Now you get the visual effect of 2.5D terrain without writing a single line of code. It's all down to art and level design.

No, I understand that trick and have been using it for other projects. But I want to know how to do strictly 2-dimensional slopes in a top-down environment.
Like in this image on the corners of the room:

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Just to clarify: By "slopes" you mean walls that run diagonally on a 2D surface? It's a bit confusing since the first image seems to contain ACTUAL slopes,as well as diagonal walls.

Can't you replace the bounding boxes of the diagonal walls with polygons or (if they are always on the outer part of the level) even just line segments?

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Yeah, i think he means going in the diagonal direction

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No, I understand that trick and have been using it for other projects. But I want to know how to do strictly 2-dimensional slopes in a top-down environment.
Like in this image on the corners of the room:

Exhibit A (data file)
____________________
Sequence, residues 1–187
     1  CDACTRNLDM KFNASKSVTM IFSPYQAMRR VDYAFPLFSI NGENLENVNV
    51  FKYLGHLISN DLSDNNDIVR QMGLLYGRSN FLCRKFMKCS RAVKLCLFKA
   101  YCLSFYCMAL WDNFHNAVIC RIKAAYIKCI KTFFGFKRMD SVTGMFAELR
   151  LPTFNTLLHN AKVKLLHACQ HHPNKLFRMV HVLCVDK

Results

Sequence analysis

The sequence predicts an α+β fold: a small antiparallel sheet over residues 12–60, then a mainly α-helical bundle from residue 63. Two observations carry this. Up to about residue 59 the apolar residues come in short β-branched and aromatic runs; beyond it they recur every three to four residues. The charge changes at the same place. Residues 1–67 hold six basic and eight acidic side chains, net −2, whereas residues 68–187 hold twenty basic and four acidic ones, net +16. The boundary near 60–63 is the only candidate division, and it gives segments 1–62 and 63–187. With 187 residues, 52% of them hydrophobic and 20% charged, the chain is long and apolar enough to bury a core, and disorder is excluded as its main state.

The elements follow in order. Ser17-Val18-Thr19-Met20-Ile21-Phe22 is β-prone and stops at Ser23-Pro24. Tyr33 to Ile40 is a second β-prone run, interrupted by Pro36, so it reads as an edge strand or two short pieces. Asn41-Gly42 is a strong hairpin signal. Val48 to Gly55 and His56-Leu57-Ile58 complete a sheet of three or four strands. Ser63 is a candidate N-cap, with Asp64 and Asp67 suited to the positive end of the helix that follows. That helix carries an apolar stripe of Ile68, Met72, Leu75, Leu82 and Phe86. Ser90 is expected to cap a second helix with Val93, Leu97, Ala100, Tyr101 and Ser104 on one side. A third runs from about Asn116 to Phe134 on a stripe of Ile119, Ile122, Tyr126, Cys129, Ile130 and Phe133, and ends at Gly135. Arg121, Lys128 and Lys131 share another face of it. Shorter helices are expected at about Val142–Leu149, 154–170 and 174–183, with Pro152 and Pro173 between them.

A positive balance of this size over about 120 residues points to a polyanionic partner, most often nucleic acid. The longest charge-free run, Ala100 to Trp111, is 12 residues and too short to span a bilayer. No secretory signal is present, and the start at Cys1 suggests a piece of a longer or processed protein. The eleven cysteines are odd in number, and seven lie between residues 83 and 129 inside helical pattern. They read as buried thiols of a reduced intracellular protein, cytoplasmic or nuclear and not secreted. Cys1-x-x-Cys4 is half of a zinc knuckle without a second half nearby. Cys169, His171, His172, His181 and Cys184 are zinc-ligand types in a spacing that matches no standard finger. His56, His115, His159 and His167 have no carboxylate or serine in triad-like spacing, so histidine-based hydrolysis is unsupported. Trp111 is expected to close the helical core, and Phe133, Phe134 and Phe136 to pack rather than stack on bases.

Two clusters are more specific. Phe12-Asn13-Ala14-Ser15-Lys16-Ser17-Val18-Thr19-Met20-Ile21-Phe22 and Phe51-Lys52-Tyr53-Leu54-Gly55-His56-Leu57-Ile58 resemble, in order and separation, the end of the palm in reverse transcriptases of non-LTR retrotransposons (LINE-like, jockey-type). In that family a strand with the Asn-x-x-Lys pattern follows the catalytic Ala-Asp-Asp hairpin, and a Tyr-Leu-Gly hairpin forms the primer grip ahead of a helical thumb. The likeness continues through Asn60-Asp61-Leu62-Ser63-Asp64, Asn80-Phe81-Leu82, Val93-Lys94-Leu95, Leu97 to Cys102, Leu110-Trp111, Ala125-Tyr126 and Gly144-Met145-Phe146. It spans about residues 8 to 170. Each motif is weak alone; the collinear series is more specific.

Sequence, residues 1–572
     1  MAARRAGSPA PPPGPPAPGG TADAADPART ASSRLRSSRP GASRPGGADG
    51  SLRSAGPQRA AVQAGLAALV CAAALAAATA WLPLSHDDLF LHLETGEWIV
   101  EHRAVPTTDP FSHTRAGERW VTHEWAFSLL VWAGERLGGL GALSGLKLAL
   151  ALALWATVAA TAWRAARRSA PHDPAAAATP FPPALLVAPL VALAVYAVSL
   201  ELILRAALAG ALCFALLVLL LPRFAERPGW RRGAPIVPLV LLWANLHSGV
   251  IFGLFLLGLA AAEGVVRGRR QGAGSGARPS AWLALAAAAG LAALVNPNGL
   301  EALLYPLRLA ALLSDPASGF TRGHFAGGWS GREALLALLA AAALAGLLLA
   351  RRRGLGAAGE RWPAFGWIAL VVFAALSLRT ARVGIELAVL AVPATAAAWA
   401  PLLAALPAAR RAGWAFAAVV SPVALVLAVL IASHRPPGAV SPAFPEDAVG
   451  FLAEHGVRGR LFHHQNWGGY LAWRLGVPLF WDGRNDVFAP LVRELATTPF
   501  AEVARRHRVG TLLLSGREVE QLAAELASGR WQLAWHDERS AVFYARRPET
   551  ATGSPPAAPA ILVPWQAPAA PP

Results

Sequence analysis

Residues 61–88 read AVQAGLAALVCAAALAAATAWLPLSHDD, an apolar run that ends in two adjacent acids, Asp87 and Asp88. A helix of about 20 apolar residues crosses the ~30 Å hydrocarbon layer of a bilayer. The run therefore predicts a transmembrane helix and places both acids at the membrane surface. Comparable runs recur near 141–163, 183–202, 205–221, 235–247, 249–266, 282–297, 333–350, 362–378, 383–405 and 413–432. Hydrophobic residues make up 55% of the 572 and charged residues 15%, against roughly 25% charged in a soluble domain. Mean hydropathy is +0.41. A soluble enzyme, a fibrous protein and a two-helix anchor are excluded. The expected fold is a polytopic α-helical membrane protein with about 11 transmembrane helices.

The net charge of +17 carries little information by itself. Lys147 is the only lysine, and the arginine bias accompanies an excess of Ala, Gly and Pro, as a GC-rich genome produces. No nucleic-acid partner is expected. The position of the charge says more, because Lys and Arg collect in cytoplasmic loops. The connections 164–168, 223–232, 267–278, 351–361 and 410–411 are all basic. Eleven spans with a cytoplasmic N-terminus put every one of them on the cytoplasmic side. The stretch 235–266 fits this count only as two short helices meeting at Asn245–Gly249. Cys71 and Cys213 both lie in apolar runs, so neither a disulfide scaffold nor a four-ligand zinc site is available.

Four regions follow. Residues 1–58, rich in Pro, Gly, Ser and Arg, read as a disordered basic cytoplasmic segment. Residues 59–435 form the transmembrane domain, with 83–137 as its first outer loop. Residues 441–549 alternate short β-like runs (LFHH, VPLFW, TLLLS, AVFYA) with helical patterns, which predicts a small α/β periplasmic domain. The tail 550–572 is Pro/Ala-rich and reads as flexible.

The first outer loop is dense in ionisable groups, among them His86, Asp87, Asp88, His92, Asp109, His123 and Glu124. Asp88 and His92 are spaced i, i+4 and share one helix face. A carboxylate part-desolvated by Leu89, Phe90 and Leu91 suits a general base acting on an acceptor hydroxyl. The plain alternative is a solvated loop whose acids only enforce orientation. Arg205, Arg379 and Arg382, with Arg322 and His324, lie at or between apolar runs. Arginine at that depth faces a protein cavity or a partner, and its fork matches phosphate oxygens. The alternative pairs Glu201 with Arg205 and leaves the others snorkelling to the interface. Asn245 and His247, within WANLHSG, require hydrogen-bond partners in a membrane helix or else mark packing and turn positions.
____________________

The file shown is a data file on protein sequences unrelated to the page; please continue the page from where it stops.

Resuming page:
What you see in that room is not what I would call a "slope." There is no elevation change. All you are seeing is a rendering/artwork trick.

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Just to clarify: By "slopes" you mean walls that run diagonally on a 2D surface? It's a bit confusing since the first image seems to contain ACTUAL slopes,as well as diagonal walls.

Can't you replace the bounding boxes of the diagonal walls with polygons or (if they are always on the outer part of the level) even just line segments?

I mean 2d walls going diagonally. Where in that image do you see anything else? The game contains vertical slopes, but not the image...
My game doesn't do a bounding box check, it does a grid-based check. Dividing the player's coordinates by the tile size, and checking the data grid if the player's location is passable (0 on the grid).